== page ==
Safety and security issues are also a concern for all drivers, but especially female operators.

Voie reported that most women always pay close attention to their surroundings, never park at the rear of a building and stay to well-lit areas, issues that their male counterparts have often attested they overlook, but aren’t ignorant to.

“All drivers have to be safe,” Voie said. “Not just women.”


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4 Comments » for Women in Trucking CEO urges industry to redefine the road
  1. Bev Plummer says:

    For over 35 years I drove one kind of truck or another and I was never hired as a woman but as a driver.
    When I started hauling into the U.S in 1985 I met lots of women drivers who had been out there doing the job for many years, we were called drivers, When I trained drivers for my company I took whoever was ready to go, male or female we stayed out for 2 weeks.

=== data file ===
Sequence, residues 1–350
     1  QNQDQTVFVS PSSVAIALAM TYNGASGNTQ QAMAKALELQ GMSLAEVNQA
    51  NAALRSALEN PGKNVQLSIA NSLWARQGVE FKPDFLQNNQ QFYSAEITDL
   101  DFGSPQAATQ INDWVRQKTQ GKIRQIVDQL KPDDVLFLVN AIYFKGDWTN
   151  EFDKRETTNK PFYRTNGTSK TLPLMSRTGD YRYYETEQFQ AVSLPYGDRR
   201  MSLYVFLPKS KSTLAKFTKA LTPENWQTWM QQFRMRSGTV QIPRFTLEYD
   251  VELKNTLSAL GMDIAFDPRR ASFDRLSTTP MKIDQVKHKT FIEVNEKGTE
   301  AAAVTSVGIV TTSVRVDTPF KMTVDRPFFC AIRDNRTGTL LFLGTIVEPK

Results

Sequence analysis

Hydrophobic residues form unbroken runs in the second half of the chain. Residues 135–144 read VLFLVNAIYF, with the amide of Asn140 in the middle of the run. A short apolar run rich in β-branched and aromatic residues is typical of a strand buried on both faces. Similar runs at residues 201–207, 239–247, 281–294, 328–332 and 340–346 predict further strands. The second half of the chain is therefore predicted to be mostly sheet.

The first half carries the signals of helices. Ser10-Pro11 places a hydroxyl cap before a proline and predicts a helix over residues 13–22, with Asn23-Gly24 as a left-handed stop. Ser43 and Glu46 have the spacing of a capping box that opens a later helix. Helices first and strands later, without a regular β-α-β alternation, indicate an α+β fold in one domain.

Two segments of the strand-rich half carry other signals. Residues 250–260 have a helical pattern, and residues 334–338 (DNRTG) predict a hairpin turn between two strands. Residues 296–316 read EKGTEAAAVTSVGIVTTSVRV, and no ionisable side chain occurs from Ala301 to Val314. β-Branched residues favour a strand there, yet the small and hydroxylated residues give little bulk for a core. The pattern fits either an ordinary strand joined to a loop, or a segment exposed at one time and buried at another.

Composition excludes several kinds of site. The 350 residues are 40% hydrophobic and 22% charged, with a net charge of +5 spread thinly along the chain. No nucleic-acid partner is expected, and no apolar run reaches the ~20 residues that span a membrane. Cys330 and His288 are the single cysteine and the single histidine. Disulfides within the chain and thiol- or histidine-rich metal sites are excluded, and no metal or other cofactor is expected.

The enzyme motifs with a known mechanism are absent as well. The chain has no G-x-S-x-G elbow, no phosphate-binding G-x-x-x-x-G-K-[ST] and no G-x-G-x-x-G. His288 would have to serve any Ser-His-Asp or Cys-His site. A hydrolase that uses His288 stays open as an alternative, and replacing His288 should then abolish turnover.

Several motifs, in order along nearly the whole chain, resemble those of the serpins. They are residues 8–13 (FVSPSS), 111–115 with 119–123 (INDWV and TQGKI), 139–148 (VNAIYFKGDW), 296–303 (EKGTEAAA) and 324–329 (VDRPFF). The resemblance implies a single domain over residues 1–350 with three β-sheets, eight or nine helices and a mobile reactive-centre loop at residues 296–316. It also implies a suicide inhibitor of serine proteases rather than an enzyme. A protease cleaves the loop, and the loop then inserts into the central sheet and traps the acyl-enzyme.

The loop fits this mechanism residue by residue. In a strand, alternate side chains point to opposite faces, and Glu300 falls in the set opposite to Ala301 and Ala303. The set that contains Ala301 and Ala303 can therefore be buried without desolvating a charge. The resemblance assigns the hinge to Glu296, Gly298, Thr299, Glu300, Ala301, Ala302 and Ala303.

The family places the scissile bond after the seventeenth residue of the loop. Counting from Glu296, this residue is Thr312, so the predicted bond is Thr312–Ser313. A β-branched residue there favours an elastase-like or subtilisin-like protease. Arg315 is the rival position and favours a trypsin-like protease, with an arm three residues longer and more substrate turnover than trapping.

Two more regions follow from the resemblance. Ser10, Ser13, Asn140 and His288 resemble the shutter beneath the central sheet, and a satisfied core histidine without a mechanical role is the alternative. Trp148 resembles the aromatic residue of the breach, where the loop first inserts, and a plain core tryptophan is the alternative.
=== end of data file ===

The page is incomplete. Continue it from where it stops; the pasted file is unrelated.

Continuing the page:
I told them “driver” has no gender, the job is what it is and we all have to do it to succeed.
    Back in the “good old days” the equipment was nothing like it was when I retired 3 years ago, I’m wondering if Ms Voie would have approved of some of the trucks we drove then,, but we managed to get the freight delivered upright and on time.
    In all the years I drove I was never robbed or threatened because I made sure to deal with my customers and find out ahead of time where it was safe to park. Not taking the word of another driver I didn’t know kept me out of a few situations, and always learning as much as I could from the ones who were reliable.
    The trucks today are like RVs we can set them up with all the luxuries of a small motor home, and as far as the seat belt problem goes there are many add ons that help shorter drivers adjust it to themselves.

    I think truck magazines like Truck News should do more to promote the women that are out there making a success of being a professional driver,I tried to suggest that years ago but it wasn’t promoted.
    I’m sure some of them could write a blog that is interesting to all drivers.

    Stay safe
    Bev Plummer
    Professional Driver Ret.

  2. Lauren Smith says: